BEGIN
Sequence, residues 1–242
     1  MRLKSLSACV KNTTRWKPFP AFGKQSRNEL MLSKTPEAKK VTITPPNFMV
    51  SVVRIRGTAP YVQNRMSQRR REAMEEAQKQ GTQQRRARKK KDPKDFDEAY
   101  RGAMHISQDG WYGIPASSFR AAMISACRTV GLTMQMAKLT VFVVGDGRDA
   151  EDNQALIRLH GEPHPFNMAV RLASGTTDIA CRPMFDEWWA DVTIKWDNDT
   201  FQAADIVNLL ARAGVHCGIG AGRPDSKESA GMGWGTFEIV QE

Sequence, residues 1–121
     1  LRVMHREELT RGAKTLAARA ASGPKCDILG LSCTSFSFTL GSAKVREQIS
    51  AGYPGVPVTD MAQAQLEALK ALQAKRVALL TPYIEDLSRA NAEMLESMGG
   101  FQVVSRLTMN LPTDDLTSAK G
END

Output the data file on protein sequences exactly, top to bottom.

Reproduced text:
Sequence, residues 1–242
     1  MRLKSLSACV KNTTRWKPFP AFGKQSRNEL MLSKTPEAKK VTITPPNFMV
    51  SVVRIRGTAP YVQNRMSQRR REAMEEAQKQ GTQQRRARKK KDPKDFDEAY
   101  RGAMHISQDG WYGIPASSFR AAMISACRTV GLTMQMAKLT VFVVGDGRDA
   151  EDNQALIRLH GEPHPFNMAV RLASGTTDIA CRPMFDEWWA DVTIKWDNDT
   201  FQAADIVNLL ARAGVHCGIG AGRPDSKESA GMGWGTFEIV QE

Sequence, residues 1–121
     1  LRVMHREELT RGAKTLAARA ASGPKCDILG LSCTSFSFTL GSAKVREQIS
    51  AGYPGVPVTD MAQAQLEALK ALQAKRVALL TPYIEDLSRA NAEMLESMGG
   101  FQVVSRLTMN LPTDDLTSAK G